Drone Mapping is Crucial for Disc Golf Course Creators and Innovators

Basket of Diavolo hole 15 on a beautiful misty morning in Carolina. Credit to UDisc and downey for photo.

Videogrammetry Background

Photogrammetry is the process of taking photographs of an object or terrain from multiple angles and overlaying the photographs using specialized software to produce a 3D model or map of the object. Photogrammetry has many applications: Land surveying, engineering, real estate, construction, and even medicine, to name a few.

Why Disc Golf?

So lets get to the point. Why Disc Golf? Well, golf course models have been created using drones to help cut maintenance costs, for marketing, and for creating a game plan for players. Although Disc Golf is still in its growth stage, the number of players drastically increased during the COVID-19 pandemic.

Massive 2020 Disc Golf Boom — Credit to UDisc — https://udisc.com/disc-golf-growth-report

Brazos Park East — Waco, TX Drone Photogrammetry Study Using JomezPro Footage from 2021

Hole 1

JomezPro: Hole 1 Fly Through Timestamp

  • Doesn’t model the tree on the left of the fairway past the large bushes

Hole 2

JomezPro: Hole 2 Fly Through Timestamp

  • Many trees in the model are missing the middle part of the trunks (stumps / flying limbs)
  • Basket is not captured very well

Hole 3

JomezPro: Hole 3 Fly Through Timestamp

  • Trees again only captured as stumps and/or floating limbs

Hole 4

JomezPro: Hole 4 Fly Through Timestamp

  • Original fly-through of the hole provided by JomezPro was stitched together & the drone locations were not overlain properly so only the 1st section of the hole is shown

Hole 5

JomezPro: Hole 5 Fly Through Timestamp

  • Quite nicely shows the “tunnel shot” aspect of this par 3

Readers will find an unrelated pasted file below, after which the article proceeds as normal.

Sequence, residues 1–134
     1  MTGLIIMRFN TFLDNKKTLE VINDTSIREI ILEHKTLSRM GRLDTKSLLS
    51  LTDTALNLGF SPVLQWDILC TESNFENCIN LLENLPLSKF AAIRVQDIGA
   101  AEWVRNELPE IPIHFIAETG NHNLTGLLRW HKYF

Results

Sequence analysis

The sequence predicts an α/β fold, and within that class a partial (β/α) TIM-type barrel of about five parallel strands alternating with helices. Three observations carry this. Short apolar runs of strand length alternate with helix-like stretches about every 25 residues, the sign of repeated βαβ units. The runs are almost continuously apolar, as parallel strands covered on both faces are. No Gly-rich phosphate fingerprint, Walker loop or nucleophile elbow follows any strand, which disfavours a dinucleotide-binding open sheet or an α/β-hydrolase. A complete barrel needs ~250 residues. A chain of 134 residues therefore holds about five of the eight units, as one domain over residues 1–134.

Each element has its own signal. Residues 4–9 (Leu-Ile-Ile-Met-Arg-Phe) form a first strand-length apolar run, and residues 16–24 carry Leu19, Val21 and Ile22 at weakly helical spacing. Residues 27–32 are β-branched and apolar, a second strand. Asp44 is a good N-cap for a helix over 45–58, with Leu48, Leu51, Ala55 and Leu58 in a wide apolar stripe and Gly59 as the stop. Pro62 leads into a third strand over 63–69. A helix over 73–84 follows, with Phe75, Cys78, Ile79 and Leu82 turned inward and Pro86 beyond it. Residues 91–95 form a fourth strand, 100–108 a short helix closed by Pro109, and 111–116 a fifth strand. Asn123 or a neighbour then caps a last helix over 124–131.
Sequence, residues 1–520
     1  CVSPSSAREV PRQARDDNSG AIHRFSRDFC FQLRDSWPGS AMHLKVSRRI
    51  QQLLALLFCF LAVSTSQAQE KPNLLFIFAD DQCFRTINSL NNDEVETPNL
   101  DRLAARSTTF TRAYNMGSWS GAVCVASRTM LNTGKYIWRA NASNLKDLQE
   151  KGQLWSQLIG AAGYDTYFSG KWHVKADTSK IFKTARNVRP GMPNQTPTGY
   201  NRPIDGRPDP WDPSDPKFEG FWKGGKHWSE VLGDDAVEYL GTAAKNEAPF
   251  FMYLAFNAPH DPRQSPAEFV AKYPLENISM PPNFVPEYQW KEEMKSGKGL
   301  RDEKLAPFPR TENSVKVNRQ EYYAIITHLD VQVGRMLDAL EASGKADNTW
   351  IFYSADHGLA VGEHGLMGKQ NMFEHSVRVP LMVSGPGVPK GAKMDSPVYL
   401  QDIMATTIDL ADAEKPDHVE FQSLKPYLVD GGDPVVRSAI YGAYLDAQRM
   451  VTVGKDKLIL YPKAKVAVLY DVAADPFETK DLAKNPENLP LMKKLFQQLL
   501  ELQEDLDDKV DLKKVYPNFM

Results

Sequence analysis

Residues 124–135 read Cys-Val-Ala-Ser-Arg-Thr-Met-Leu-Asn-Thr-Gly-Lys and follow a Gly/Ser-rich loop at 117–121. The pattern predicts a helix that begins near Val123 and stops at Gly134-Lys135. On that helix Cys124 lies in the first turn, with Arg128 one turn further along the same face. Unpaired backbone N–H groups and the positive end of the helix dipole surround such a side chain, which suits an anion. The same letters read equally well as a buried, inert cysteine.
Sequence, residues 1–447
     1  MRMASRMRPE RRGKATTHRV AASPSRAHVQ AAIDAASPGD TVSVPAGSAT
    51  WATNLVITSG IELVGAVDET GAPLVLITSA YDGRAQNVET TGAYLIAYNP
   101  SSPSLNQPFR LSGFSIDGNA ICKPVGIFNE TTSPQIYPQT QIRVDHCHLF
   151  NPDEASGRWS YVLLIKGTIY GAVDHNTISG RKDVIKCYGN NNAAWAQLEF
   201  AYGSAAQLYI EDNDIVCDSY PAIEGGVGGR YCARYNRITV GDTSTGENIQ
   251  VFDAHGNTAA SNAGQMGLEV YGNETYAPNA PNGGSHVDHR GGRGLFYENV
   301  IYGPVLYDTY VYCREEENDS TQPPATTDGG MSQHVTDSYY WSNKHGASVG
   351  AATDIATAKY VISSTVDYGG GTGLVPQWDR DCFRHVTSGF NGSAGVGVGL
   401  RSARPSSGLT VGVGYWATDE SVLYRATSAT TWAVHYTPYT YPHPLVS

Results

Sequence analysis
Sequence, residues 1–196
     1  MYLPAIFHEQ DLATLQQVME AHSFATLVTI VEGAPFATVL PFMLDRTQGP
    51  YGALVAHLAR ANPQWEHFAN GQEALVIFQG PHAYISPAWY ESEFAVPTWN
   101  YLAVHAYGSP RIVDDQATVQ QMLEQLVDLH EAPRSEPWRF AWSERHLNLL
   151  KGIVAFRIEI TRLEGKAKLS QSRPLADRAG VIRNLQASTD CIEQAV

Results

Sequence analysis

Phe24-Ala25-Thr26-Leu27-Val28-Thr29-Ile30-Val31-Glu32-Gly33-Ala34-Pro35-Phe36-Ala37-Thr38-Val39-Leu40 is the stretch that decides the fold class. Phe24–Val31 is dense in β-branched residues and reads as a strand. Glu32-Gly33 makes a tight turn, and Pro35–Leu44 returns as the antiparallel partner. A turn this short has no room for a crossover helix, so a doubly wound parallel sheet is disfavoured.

• The changes in elevation are calculated nicely by the model
  • Trunks are more visible in this tunnel shot

Hole 6

JomezPro: Hole 6 Fly Through Timestamp

  • Another tunnel shot shown nicely through this model
  • Again, the trees in this fairway are more solid, with the trunks more visible

Hole 7

JomezPro: Hole 7 Fly Through Timestamp

  • Model accurately portrays the valley below basket and hazards on sides

Hole 8

JomezPro: Hole 8 Fly Through Timestamp

  • Another tunnel shot interpreted well by the model
  • Certain areas struggled with y-axis (in/out) depth
  • Fairway trees yet again picked up more solidly in this tunnel hole

Hole 9

JomezPro: Hole 9 Fly Through Timestamp

  • Yet again, this long hole had stitched drone fly throughs making it so only the end of the hole was rendered by the model
  • Being in the woods, much of the verticality and fairway trees captured well

Important Takeaways from My Experiment

Using Free Software Creates a Barrier

Zephyr Free only allows 50 photos for rendering — this issue would be easily avoided by simply giving more photos per second to Zephyr to generate the 3D point cloud. Given the 25–30 second clips from Jomez, I fed the model a 2FPS rate. Utilizing the full version of Zephyr would result in much cleaner models of these holes. The rendering of the ground and its topography would also benefit greatly from having more photos fed to the 3d modeling software.

Using Direct Fly-Throughs Poses a Problem

By feeding the model fairway fly-throughs of each hole, certain aspects were not properly rendered by the model. For one, trees in the fairway were often depicted as stumps with possibly flying limbs (their trunks weren’t properly rendered). This creates an additional problem of not knowing how wide certain trees are and how much fairway space they actually take up, which is critical.

  • Using Fairway Fly-Throughs in addition to Perimeter Shots at various heights would be an ideal method for capturing the true essence of a hole.
  • Using a premium 3D modeling software instead of a free version would create more robust models

Disc Golf Photogrammetry Pros and Cons


  • 3D models can be used for precise tee-sign creation
  • 3D models gives players a game plan without having played a course
  • Utilizing drones is a cost efficient way to model a course or potential course zone
  • 3D models yields better course design and play, allowing owners to charge players more per round of play


  • Drones may crash on certain highly wooded courses if not driven carefully
  • Some aspects of a model may not render properly in wooded environments



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